Most people would have a hard time sewing with this fabric. But treating the silk – and the lining – appropriately yields great results.

And I made a video – my first-ever! Check it!

So, there are many ways to work with silks and what non-sewists might call “fancy” fabrics – in fact, I’m enrolled in a Craftsy course on sheers. People will fiddle with starch- or gelatin-washes to get the fabric to behave in a more paper-like fashion. And I’ve done those things – with decent-enough results (although please note: not every fabric is starch- or gelatin-friendly and not everyone will want to use gelatin). Stabilizers (wash-away, tacky or non-tacky, etc) also can help – and y’all know I’m a huge fan of using those!

However I’ve found that superior silk and sheer results can be accomplished by a few guidelines:

1. selecting the highest-quality fabric you can afford (always! honor your craft!)
2. cut pattern pieces in a single layer – without folding, ever
3. cutting via rotary (so as not to lift the fabric) and using a sheet of paper under the fabric while cutting
4. making sure the fabric is entirely supported while cutting, sewing, serging, pressing, and interfacing (in other words – that it isn’t sagging off the table)
3. using the proper needle (usually a sharp, for a sheer woven)
5. not disturbing the garment pieces after cutting; sew them as soon as possible
6. sewing slowly! take your time to really love the experience!

Bootstrap Fashion: Draped Sheath Dress
On that note: notice above, the edge I’m turning up to set a tailor’s tack. Like I said: paper works well for not just cutting, but handling. In this case, the static electricity of the paper under the fabric “glues” the fabric and keeps it from shifting while I apply these tacks. Using paper yielded pieces cut accurately and perfectly on-grain, so I was able to confidently underline with a rather annoying exciting fabric – a Bemberg rayon.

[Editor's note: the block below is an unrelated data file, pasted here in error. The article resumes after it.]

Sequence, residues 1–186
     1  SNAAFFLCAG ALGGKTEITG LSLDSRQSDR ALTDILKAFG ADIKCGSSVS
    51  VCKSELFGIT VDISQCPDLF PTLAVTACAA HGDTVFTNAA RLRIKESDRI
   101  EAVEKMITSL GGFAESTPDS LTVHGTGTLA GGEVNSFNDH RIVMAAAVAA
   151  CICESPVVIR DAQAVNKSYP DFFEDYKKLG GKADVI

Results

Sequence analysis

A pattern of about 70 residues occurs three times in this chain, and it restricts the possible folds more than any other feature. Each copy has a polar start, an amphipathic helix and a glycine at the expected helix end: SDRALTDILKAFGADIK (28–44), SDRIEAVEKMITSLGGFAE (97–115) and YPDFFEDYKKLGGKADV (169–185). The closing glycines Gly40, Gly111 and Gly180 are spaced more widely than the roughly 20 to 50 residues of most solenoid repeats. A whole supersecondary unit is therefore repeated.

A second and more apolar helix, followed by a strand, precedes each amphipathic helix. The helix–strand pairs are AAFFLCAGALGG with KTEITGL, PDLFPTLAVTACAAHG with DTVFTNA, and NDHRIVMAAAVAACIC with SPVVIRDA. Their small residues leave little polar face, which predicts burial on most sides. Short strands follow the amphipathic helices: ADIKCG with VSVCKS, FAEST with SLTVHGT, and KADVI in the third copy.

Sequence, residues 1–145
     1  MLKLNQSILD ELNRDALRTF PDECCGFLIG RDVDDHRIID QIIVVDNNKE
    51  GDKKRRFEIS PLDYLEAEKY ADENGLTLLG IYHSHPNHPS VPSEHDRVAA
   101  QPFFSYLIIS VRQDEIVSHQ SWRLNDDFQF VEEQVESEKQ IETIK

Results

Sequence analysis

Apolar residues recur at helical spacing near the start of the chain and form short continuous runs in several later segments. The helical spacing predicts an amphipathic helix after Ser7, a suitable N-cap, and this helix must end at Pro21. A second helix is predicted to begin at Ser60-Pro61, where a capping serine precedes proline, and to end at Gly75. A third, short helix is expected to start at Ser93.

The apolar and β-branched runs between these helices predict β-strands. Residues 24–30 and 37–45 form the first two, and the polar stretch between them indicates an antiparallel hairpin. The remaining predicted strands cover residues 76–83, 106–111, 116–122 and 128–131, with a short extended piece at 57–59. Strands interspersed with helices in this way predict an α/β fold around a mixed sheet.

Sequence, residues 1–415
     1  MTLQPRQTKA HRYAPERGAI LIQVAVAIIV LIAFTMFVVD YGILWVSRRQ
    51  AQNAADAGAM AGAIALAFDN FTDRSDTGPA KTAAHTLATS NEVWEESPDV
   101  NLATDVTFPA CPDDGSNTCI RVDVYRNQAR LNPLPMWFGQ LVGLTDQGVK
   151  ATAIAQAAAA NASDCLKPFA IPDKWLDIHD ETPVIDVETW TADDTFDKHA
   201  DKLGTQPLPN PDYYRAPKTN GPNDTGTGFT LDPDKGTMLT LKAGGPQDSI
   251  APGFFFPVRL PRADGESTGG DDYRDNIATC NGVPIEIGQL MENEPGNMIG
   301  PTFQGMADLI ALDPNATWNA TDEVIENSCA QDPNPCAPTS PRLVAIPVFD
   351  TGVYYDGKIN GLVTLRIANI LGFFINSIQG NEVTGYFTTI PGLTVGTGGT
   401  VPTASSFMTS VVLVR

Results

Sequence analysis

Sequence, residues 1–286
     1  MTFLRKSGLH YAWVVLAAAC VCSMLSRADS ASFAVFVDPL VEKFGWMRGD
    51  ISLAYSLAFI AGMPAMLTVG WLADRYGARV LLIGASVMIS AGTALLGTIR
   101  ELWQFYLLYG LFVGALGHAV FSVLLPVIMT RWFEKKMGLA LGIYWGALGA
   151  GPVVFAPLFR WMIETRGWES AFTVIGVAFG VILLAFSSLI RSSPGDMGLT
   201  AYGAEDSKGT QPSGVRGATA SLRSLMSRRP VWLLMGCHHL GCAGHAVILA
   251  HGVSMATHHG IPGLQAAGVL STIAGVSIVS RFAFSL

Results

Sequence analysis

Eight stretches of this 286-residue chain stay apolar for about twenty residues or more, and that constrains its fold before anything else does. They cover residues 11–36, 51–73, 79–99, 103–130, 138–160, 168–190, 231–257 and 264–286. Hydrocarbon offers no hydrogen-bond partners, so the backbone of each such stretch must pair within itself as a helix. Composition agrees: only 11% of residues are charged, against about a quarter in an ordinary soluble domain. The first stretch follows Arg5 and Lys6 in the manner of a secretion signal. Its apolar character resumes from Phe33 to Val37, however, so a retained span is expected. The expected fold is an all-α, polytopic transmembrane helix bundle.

For the bodice: in every way except the neckline, the bodice is underlined. The neckline – which I created after stitching the shoulders of both shell and underlining – is stitched, graded, and understitched. Maybe you’ve asked – “but how do I get a beautiful invisible zipper installation, Black Dynamite?” Well I’ll tell you! You interface your shell, you serge-stitch that seam allowance together for a tidy 3/8″ (and hide the serge-tail at the neckline), and your zipper tape will hide the beautifully-finished seam! BOOM!

Bootstrap Fashion: Draped Sheath Dress
Bootstrap Fashion: Draped Sheath Dress

This dress pattern featured seamless cap sleeves. A baby hem was out of the question – the curve around the armscye wasn’t playing! Instead I cut 1 1/4″ bias strips and made enough length to comfortably finish both sleeves. I sewed staystitching at the seamline (3/8″ allowance), trimmed to 1/8″, then measured and finished the bias-strip binding via diagonal seam (in other words, made a tube of bias-strip). Then I pinned around the armscye, stitched, pressed, and carefully hand-tacked the bias fold to the underlining.

Bootstrap Fashion: Draped Sheath Dress
The hem – easy-peasy. I let the dress hang for a bit (keep in mind the asymmetrical draping of this dress will make a perfectly-behaved hem a bit of a challenge), then put the dress on my model – in her correct undergarments and heels –  and marked the hem, pinning the underlining to the shell. I then sewed 1/4″ from the marked hemline, trimmed off excess, finger-pressed, then flipped again to stitch a hem. Beautiful!

Bootstrap Fashion: Draped Sheath Dress
For the belt, I used a pumice-colorway sateen and tore along the grain to get the perfect strip. I used a 7/8″ grosgrain to give body to the belt, and applied snaps in a colorway that matched the dress: (OH MY I am loving oyster/bone/pumice/etc colors this summer!)
Bootstrap Fashion: Draped Sheath Dress
And of course: a hand-crotcheted belt carrier – shown here at one of the dress’ two invisible zippers. Since I don’t like the look of a zipper in the skirt of a dress, and since this bodice is quite fitted at the waist, I needed another zipper:

Bootstrap Fashion: Draped Sheath Dress
I am not even lying that I owned that invisible zipper installation – with a cheesy plastic invisible zipper foot, too! I even installed the side-seam zipper in the side with the large gathers! #bigPimpin

The dress fit is amazing. The hand, drape, and breathability of the fabric is the loveliest I’ve seen in a while. I think I might have to make myself a dress like this – then wait to get asked to a summer wedding or formal event.

All told: a success!

Bootstrap Fashion: Draped Sheath Dress
Bootstrap Fashion: Draped Sheath Dress